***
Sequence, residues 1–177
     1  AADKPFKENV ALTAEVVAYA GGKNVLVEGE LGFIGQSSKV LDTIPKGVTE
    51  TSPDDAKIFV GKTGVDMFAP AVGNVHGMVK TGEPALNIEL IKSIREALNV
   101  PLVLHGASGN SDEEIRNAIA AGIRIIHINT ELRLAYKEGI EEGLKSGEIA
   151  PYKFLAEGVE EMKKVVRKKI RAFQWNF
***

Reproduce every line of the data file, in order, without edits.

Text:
Sequence, residues 1–177
     1  AADKPFKENV ALTAEVVAYA GGKNVLVEGE LGFIGQSSKV LDTIPKGVTE
    51  TSPDDAKIFV GKTGVDMFAP AVGNVHGMVK TGEPALNIEL IKSIREALNV
   101  PLVLHGASGN SDEEIRNAIA AGIRIIHINT ELRLAYKEGI EEGLKSGEIA
   151  PYKFLAEGVE EMKKVVRKKI RAFQWNF